The narrator meets an Clinton, old school friend in London, and goes to visit his country house – which turns out to be the house of his dream.

The people are different, and the narrator has a good time finding the gathering not at all oppressive and fearful. Until he is given the room in the tower to sleep in.

There he finds a malevolent portrait, a self-portrait, of Julia Stone.

He tells Clinton he can’t sleep in that room with that portrait. With the help of a servant, Clinton and the narrator move it. It is strangely heavy and leaves blood on their hands though they have no wounds.

When he goes to bed that night, the narrator feels a strange presence in the room. It is Julia Stone, accompanied by a smell of corruption. She tells him

“I knew you would come to the room in the tower … I have been long waiting for you. At last you have come. Tonight I shall feast; before long we will feast together.”

The narrator bolts out of the room, and Clinton hearing the noise, joins him. They see blood on the narrator’s shoulder.

Clinton at first thinks the narrator has just had a nightmare, but he goes into the dark room and finds Stone’s portrait unaccountably back on the wall and a burial shroud.

A sort of explanation follows with a reference to burying a suicide, three times, eight years ago. Her coffin was found open each time and finally she was put in unconsecrated ground outside her home – now Clinton’s house.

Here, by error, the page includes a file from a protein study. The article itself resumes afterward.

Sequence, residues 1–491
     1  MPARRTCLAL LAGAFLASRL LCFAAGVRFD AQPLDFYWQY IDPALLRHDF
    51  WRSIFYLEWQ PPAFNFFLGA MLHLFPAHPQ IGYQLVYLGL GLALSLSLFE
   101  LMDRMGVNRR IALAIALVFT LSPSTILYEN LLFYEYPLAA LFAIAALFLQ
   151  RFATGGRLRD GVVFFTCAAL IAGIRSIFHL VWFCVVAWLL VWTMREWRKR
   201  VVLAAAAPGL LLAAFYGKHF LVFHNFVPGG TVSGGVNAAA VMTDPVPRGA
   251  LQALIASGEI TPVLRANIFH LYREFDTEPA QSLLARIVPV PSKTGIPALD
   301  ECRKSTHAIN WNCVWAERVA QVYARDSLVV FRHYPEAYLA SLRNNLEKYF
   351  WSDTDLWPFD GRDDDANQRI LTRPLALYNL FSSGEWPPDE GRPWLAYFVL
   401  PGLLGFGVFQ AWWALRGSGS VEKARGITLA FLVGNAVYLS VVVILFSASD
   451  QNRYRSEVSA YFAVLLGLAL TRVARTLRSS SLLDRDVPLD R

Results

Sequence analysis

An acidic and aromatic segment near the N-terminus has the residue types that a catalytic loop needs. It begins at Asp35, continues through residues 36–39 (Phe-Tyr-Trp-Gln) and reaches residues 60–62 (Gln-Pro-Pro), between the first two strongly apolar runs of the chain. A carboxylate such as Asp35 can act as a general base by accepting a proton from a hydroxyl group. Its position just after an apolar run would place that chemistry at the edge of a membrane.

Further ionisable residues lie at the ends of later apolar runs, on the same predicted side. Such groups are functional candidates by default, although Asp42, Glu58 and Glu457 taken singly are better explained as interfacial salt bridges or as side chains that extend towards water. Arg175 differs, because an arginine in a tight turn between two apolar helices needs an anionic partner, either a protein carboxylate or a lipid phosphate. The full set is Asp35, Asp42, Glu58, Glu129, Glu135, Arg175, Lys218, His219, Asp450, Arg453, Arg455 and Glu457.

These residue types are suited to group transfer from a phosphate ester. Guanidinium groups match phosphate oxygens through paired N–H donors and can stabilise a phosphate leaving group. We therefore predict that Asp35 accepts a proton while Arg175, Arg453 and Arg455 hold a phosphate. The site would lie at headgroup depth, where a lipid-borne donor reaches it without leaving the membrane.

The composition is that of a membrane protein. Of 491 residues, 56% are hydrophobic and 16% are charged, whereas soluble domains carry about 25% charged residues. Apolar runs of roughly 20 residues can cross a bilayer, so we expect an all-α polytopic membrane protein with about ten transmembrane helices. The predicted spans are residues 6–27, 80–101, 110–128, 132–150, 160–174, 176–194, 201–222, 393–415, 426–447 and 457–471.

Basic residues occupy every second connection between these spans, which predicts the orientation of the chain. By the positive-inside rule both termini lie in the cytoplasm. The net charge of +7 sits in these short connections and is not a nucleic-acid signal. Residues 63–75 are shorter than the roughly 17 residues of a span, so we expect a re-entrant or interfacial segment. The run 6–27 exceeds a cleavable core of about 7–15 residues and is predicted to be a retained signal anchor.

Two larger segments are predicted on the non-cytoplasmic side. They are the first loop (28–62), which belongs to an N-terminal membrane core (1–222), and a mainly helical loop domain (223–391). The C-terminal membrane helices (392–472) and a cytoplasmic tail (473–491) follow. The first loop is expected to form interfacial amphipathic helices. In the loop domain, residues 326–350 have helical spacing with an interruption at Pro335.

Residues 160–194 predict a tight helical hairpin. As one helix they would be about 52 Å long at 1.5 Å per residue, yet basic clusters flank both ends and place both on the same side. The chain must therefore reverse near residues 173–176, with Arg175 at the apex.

The story ends by telling us that her grave was opened a fourth time, and the coffin was full of blood.

Weird Factors and Unanswered Questions

Benson’s tale not only combines the weird dream, ghost, and vampire motifs but the cursed object with Stone’s portrait and an element of clairvoyance.

Unexplained is why it seems Stone has been calling out to the narrator all these years. He never met Julia Stone in life and “rather disliked” her son the brief time he knew him.

The portrait seems to be either sort of a repository for Stone’s soul or an enabling mechanism for her return. There are no wounds on anybody after moving her portrait which suggests, along with its weight, it’s sort of a blood-infused surrogate for Stone’s human body, a symbol her vampire appetites. It is, after all, a portrait painted by Stone which hints at some sort of supernatural investiture of her identity in it.

 

More reviews of fantastic fiction are indexed by title and author/editor.

The Angel of Mons

My look at Arthur Machen’s “The Bowmen” concludes with a review of a book detailing how Machen’s fiction became a modern myth.

Review: The Angel of Mons: Phantom Soldiers and Ghostly Guardians, David Clarke, 2004.Angel of Mons

On September 29, 1914, Arthur Machen presented a bit of “indifferent piping” to the world, his story “The Bowmen”.

Twenty years later he found himself still talking about that piece of fiction, arguing that there was “not one word of truth in it”.